This story’s prompt was a simple one: the four elements. Air, Fire, Earth, and Water. Use them, abuse them, make them dance to your bidding. This is an introspective piece. Hope you enjoy it and leave her some love in the comments.
The Forgotten Earth
Many civilizations worshiped the elements, especially fire. Man, did they love fire, the most impatiently destructive of all the elements. It provided heat, light, and the ability to cook food. It had even warded off predators in the night, but it was one of the hardest elements to control. It gave a great spectacle while it was destroying everything you owned but it was over too quickly to enjoy the beauty. And really, was a pretty show worth it?
Some favored water instead for its cleansing and life bringing qualities, its purity. Those qualities only existed if the worshippers kept it clean in the first place, though, and that never happened. Human beings are some of the filthiest creatures, tainting everything around them. Just look at the trash now floating in the very water they thrive on.
Others worshipped the air as the great force that drives the weather and provides pollination for plants. They once prayed for its calm benevolence but still they pollute it as much as they pollute the water. Human’s enjoy a good breeze or a breath of fresh air yet contaminate it. It’s no wonder the air brings its wrath by way of hurricanes and tornados so frequently.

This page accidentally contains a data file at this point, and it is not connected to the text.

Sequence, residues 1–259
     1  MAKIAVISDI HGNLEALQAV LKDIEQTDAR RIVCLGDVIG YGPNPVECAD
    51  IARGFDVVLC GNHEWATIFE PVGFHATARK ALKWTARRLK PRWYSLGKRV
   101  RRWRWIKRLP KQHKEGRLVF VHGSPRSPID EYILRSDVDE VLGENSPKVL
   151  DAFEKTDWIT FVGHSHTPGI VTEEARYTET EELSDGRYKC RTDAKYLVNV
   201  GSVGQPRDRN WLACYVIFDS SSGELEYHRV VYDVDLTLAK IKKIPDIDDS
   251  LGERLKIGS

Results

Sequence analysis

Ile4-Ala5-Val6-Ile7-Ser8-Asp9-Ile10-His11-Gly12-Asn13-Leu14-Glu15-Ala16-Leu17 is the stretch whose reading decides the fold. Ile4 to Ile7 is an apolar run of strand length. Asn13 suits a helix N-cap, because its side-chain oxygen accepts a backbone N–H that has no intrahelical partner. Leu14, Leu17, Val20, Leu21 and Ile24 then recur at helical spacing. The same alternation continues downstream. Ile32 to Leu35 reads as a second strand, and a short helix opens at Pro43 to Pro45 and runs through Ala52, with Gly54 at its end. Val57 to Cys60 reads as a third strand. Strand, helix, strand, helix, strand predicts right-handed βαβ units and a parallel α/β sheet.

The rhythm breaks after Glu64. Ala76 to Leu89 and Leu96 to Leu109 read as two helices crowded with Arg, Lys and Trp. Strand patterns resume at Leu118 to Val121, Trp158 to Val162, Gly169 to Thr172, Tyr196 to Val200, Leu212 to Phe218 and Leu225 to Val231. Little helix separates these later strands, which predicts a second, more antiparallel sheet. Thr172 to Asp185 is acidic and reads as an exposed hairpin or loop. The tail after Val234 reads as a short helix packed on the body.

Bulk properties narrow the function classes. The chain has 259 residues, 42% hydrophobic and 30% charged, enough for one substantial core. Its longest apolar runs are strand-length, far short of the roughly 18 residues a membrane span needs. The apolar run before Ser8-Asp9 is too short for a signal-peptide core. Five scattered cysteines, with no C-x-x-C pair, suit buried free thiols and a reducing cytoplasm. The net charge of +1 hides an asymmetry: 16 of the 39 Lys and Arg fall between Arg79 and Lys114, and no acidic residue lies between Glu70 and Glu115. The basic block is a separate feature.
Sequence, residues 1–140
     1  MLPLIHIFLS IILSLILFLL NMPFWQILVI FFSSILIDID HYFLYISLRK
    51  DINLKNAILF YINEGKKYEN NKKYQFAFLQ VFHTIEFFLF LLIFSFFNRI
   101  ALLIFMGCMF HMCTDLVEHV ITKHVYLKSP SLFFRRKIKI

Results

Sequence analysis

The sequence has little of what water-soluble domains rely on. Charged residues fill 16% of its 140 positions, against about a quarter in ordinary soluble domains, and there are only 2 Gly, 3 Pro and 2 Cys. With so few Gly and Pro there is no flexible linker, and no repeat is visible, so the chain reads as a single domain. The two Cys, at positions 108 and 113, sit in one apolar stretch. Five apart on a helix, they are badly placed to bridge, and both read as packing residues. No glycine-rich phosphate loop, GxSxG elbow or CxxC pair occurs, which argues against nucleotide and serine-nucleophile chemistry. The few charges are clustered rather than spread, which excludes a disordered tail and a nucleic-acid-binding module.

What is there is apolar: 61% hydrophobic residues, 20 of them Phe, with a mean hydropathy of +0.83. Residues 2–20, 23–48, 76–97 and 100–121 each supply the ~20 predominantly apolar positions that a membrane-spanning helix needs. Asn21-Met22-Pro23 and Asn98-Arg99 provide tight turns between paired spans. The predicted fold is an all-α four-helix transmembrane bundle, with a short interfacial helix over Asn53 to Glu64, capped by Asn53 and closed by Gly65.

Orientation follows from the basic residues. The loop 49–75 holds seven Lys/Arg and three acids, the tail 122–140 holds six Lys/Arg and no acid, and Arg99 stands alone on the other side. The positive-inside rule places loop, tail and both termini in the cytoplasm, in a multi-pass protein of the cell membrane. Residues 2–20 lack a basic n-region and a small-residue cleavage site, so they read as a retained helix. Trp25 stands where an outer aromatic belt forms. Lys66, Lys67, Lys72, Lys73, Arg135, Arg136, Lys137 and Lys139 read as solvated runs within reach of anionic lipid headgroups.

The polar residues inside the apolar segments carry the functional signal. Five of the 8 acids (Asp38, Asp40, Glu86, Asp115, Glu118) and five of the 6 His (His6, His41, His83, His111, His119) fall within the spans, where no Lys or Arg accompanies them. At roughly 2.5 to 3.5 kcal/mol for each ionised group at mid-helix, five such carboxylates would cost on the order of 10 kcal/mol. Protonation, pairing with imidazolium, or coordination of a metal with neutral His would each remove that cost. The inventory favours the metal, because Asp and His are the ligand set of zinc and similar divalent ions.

Earth, though, is the one element all but forgotten. Sure there were some civilizations that prayed for its fertility or for its calmness from earthquakes. Some had even sacrificed for its benevolence but that practice has long since died. Earth is seen as nothing now. Fire is brilliant, colorful, and unpredictable. Water is ever flowing, immortal, and sees the whole of the world. Air, too, sees all of the world and its riches. Earth is unmoving, cold, lifeless, boring. It’s a shame, really, how unimaginative people can be.
Yes, Mount Fuji has never moved. It has never seen the harsh deserts of Egypt or the beautiful temples of Greece. It has never known the excitement or wonder of the famous Coliseum in Rome. It’s stationary but it has seen the entire history of itself. It has seen the whole passage of time around its base and known the ingenuity and majesty of life and people. From the first sprout of grass on its fertile slopes to the lush forest that now surrounds it, it has seen life come and go. It has watched the entire history of Tokyo and the determination of the people. Their lives, trials, and wars have all been viewed and remembered by this immovable, silent, boring on-looker.
Fire burns itself out too fast or is too busy destroying to see or appreciate the life around it. Air and Wind both move slower than fire; however, they too are gone before much time has passed. None have watched the lives of all classes, from common beggar to emperor. None have seen the aggression and peacefulness of humans and all life. None have gained wisdom from time and patience. None knows the brilliant splendor of life but the earth on which that life lives and thrives.